The pharmacological effects of ginkgo biloba, a plant extract, on the brain of dementia patients in comparison with tacrine
Itil TM, Eralp E, Ahmed I, Kunitz A, Itil KZ
New York Institute for Medical Research,
Tarrytown 10591, USA.
Psychopharmacol Bull 1998; 34(3):391-7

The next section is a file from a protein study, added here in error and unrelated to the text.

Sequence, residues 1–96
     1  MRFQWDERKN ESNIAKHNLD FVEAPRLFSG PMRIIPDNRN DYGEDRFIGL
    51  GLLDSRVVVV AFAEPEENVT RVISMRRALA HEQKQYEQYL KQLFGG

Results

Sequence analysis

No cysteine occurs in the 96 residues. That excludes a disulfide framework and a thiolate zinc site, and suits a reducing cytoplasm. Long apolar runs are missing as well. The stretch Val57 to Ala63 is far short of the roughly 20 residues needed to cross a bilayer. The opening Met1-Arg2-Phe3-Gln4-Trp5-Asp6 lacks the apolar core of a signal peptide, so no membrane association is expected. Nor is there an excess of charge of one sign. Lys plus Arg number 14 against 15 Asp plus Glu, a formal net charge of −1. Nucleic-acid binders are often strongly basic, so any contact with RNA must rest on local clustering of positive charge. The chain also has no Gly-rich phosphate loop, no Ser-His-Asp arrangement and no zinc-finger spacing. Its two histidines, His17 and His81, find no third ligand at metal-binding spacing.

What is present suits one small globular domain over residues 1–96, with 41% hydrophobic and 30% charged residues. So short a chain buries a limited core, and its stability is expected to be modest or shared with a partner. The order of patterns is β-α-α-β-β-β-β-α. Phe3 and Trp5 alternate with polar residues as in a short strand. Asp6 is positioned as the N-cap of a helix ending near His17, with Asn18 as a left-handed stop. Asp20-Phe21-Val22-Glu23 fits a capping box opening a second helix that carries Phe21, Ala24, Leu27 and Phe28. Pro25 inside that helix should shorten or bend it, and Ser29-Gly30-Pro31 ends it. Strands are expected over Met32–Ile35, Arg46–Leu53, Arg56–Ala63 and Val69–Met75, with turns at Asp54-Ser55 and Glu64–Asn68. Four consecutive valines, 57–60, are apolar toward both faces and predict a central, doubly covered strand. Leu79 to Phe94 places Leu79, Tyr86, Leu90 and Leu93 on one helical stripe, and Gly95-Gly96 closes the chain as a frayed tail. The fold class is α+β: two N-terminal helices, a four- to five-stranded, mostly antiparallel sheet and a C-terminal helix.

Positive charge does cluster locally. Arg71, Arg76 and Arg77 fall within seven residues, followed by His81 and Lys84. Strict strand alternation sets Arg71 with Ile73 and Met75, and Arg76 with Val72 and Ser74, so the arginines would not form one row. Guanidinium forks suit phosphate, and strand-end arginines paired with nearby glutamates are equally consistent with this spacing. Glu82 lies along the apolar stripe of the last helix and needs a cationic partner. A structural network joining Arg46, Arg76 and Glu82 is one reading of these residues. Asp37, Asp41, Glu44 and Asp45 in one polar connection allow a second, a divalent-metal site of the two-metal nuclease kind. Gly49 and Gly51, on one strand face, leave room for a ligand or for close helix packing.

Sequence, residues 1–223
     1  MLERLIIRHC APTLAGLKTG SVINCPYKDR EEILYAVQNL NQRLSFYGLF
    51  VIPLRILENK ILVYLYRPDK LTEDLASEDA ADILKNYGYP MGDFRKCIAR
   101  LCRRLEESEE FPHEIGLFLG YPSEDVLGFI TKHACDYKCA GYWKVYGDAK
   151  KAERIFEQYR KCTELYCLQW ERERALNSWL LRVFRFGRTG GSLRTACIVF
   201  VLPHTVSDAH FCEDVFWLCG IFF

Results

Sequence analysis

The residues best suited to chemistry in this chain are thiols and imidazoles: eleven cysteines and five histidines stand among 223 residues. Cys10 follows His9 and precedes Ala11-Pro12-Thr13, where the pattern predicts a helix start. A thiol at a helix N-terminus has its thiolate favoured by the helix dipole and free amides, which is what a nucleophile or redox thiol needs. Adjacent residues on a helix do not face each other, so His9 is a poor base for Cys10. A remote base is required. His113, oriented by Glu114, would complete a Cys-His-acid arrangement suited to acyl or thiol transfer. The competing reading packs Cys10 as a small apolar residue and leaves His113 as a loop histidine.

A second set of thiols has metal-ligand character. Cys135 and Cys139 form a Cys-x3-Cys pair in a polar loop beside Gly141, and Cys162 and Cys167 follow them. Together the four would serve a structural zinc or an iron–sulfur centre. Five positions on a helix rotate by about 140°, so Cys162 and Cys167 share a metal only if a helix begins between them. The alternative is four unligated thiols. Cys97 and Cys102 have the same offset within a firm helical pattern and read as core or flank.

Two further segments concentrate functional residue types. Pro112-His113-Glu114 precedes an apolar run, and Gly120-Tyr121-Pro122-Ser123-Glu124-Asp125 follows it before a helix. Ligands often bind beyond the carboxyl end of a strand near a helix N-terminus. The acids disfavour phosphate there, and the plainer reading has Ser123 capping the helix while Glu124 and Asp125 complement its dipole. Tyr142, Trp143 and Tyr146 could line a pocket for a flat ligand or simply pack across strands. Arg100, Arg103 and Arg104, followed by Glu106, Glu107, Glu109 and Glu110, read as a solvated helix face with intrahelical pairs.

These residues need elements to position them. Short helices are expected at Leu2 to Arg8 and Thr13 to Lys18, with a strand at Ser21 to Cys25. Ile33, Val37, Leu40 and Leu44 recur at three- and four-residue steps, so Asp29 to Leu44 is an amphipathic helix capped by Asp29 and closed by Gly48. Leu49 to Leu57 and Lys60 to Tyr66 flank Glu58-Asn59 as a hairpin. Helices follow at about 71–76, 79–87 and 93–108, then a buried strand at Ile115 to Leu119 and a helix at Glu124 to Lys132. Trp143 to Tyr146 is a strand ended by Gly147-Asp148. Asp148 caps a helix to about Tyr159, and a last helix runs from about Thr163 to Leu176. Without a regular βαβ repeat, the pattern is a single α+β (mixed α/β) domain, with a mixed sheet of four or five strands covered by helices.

In 1994, a standardized dry extract of Ginkgo biloba leaves (SeGb), has been approved by German health authorities for the treatment of primary degenerative dementia and vascular dementia. More than 24 different brands of Ginkgo biloba extract are sold in the United States. Tacrine, also known as tetrahydroaminoacrine (THA), and donepezil are currently the only drugs approved in the United States for the treatment of Alzheimer's disease. Previous studies demonstrated that SeGb and tacrine induce significant pharmacological effects on the brains of young, healthy human males, as determined by bioelectrical activity measurements obtained using the quantitative pharmaco-electroencephalogram (QPEEG) method. The type of central nervous system (CNS) effects we have seen on computer-analyzed EEGs (CEEGs) after administration of tacrine or EGb suggests both are "cognitive activators" which are, as a class of products, characterized by a (prepost) relative increase of 7.5 to 13 Hz ("alpha") and decrease of 1.3 to 7.5 Hz ("delta" and "theta") activity. To determine whether EGb or tacrine had noticeable pharmacological effects on elderly subjects diagnosed with possible or probable Alzheimer's, the present open, uncontrolled trial was conducted. Data from 18 subjects (11 males, 7 females) at an average age of 67.4 years with light to moderate dementia (Mini Mental mean score = 23.7, ranges: 15-29 [Geriatric Depression Scale mean scores = 3.7; range: 3.2-5.4]) were analyzed for this presentation. Each subject was randomly administered a single oral "Test-Dose" of either 40 mg of tacrine or 240 mg of EGb2 in two separate sessions within 3- to 7-day intervals. Before drug administration and at 1- and 3-hour intervals after drug administration, CEEGs were recorded for a minimum of 10 minutes. The CEEGs were analyzed using Period Analysis programs we developed for QPEEG. The results indicated that both EGb and, to a lesser degree, tacrine induced pharmacological effects, as established by QPEEG measurements, in the CNS similar to those previously established in healthy, young subjects. The type of CNS effects produced by EGb (as established by HZI's CEEG psychotropic drug database) in elderly dementia patients were similar to those induced by tacrine responders as well as those seen after the administration of other "cognitive activators" (pramiracetam, vinpocetine, BMY-21502, suloctidil, and lisuride) and anti-dementia drugs approved in the United States or Europe (tacrine, donepezil, nimodipine, piracetam, and oxiracetam) from our database. The results also showed that 240 mg of EGb has typical cognitive activator CEEG profiles (responders) in more subjects (8 of 18) than 40 mg tacrine (3 of 18 subjects). Because of the small sample size, we could not test the hypothesis that subjects who showed cognitive activator-type pharmacological response to the first Test-Dose of EGb or tacrine also exhibit more therapeutic effects (compared to nonresponders) when drugs are administered chronically.

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